After the warm reception accorded to Big Calm (1998, #54), Morcheeba began to experiment with sounds outside of their trip-hop roots. The resulting album, Fragments Of Freedom (2000), was much more poppy in tone, meeting with poor reviews but the best sales of the band's career, along with a hit single, 'Rome Wasn't Built In A Day'. Following the tour to promote both album and single, the band signed to Warner Bros. Records - departing from Sire - and began to work on new material. To whet the fans' appetite, the group released Back To Mine (2001), a compilation album of artists that inspired the Godfrey Brothers. All the tracks were remixed and the album also featured 'On The Rhodes Again', an off-cut from Who Can You Trust? (1996).
Things couldn't start more perfectly. 'Slow Down' is a chilled-out classic, featuring all the ingredients that made Big Calm so compelling: rich production, smooth lyrics and a sultry performance from Skye. The track opens with a sweet duet between a cello and a guitar, the former subtlely rasping in the bass lines while the later whines sweetly through its highest registers. Skye's voice is as smoky and as teasing as it was on Big Calm, but all the tragedy present on that record has been replaced by a relaxed state of contentment. There is nothing logically wrong with this song - the production is flawless, the musicianship is brilliantly balanced, and nothing is allowed to drag or dominate unduly. It's an absolute treat of an opening track.
'Otherwise' can't really compete, but don't think that it's a bad song because of this. We get more strings (violins this time), but the feel is very different. Where 'Slow Down' was a laid-back chillout classic, this is a cool three-minute single. Well, three-and-a-bit. The lyrics are a lot more simply structured, but this just makes them catchier; the chorus in particular manages to be easily memorable while hanging on to some substance. Skye is given more room on this track, and responds by letting herself go just a little.
'Aqualung' is more fun, with funkier touches on the production and in the choice of instruments. The bass especially is given more room, coupling with the dance-y drums to drive the track forward. We get more strings too, serving up some sweet harmonies in between the multi-tracked vocals. Finally, we get a very nice flute solo in the middle, which keeps you on your toes. So often flutes can sound horrible on record, but once again the Godfrey Brothers prove themselves to be masters of the art.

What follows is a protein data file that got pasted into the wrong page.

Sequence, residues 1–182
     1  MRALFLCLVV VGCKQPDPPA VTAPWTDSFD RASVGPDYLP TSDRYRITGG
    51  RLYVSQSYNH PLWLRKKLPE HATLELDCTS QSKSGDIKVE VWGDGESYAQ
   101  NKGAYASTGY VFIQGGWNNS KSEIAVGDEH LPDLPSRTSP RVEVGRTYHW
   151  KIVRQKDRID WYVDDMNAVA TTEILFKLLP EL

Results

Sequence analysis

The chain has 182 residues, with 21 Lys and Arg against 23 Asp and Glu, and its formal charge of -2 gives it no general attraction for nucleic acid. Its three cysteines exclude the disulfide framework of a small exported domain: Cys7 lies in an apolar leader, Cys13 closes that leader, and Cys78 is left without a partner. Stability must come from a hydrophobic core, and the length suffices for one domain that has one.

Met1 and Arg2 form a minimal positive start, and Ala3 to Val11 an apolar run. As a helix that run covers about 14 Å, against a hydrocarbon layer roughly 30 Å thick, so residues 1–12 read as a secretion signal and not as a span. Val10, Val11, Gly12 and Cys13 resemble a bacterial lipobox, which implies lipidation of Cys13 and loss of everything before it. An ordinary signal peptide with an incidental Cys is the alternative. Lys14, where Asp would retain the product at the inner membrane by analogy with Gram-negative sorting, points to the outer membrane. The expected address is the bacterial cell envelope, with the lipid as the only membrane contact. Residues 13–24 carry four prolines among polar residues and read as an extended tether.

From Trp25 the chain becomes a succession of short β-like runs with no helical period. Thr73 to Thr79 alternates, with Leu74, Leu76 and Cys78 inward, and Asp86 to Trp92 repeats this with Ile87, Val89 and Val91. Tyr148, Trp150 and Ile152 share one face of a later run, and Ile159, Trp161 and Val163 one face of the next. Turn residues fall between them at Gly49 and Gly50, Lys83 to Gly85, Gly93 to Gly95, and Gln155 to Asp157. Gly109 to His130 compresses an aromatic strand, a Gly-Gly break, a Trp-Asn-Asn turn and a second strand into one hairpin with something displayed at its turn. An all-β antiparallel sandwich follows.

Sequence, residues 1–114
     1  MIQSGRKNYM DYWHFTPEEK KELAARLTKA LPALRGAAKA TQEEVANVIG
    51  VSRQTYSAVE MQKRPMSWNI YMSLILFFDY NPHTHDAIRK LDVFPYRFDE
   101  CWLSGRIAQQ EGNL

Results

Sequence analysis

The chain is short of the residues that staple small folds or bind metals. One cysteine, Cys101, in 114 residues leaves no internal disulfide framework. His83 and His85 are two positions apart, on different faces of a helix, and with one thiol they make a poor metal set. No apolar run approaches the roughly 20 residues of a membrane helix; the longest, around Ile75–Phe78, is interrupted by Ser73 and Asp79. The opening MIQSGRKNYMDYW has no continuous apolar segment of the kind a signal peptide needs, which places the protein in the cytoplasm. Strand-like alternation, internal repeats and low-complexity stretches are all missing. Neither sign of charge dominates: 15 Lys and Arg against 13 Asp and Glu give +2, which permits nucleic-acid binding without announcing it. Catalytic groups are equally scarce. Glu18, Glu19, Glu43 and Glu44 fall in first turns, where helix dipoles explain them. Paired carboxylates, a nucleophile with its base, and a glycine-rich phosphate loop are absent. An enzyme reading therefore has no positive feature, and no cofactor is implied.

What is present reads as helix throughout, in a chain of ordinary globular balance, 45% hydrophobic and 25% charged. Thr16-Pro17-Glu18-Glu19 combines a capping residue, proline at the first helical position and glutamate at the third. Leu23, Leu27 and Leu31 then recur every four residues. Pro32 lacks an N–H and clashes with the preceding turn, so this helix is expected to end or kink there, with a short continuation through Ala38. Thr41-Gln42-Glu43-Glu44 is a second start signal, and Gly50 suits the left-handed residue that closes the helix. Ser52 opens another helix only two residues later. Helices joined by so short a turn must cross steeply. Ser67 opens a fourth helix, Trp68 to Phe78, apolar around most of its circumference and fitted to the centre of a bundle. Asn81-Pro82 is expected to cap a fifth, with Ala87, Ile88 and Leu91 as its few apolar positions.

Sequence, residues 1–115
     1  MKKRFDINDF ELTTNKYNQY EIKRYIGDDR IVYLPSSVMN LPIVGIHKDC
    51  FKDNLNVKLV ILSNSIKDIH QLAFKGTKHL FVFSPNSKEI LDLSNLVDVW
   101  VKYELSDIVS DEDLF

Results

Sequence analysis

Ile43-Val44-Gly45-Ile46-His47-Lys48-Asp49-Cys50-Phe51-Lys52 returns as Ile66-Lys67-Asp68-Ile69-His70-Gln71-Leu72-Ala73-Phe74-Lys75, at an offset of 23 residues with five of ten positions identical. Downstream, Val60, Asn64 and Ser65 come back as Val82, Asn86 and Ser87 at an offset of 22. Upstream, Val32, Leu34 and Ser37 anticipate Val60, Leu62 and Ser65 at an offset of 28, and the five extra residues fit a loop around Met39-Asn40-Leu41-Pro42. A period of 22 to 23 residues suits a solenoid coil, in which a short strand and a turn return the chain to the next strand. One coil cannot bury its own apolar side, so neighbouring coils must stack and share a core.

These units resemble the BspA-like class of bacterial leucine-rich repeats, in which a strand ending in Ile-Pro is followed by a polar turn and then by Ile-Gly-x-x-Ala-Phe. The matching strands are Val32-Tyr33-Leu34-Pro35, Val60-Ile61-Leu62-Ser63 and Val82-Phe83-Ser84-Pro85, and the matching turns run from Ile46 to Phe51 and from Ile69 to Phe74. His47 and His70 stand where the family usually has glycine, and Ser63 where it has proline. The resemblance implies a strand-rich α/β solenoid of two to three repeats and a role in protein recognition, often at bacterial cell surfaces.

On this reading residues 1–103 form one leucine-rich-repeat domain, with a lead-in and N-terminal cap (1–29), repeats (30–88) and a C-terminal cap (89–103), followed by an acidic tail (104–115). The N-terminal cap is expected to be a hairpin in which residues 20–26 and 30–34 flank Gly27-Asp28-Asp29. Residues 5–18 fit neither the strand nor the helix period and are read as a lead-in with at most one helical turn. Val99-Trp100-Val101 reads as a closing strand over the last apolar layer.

'São Paulo' is probably the saddest track on this album. Being pop, there is only so much emotion that can be conveyed before it becomes overbearing and esoteric. Here Skye returns to singing his tears, lamenting that her life is one big cliché and regretting a past love. Her sultry tones blend beautifully with the harmonica, so that we are truly taken to the Brazilian shanty towns that surround the city. Everything about this track is marvellous, as once again we are confronted with perfect production: immaculate enough so that you can sit back and relax, but tantalising enough to let your ears wander.
The title track is the first glimpse we get on here on Morcheeba dropping the ball. Both title tracks on Big Calm and Fragments Of Freedom were empty and below-par instrumentals, with occasional lyrics shoved on in a vague attempt to sustain your interest. And this is no different. By the time Pace Won comes in with any lyrics, you're bored with the riffs and scratches, and so will struggle to notice.
Happily, however, we get our money's worth on the next track. 'What New York Couples Fight About' sees Skye dueting with Kurt Wagner, who half-whispers, half-croons his lyrics in a manner which is completely captivating. The two sets of vocals gel very nicely, so that you quickly ignore any weak links in the actual lyrics (of which there are few). This track is a little too long - at 6:16 it's the longest on the album - but as with 'Slow Down' there isn't much to drag this down or hold the duo back. Listen hard for the gorgeous lap steel in the second chorus.
'Undress Me Now' is the second single to be culled from the album, and kicks off the second half in some style. The strings are still there, as is the prominent dance-influenced bass, but we get some acoustic guitar added to the mix at the start. Perhaps this is an indication of Skye's differing styles, present on her first solo effort, Mind How You Go (2006, #24). It's not the most substancial song ever recorded, but it sits charmingly and comfortably amid the other tracks.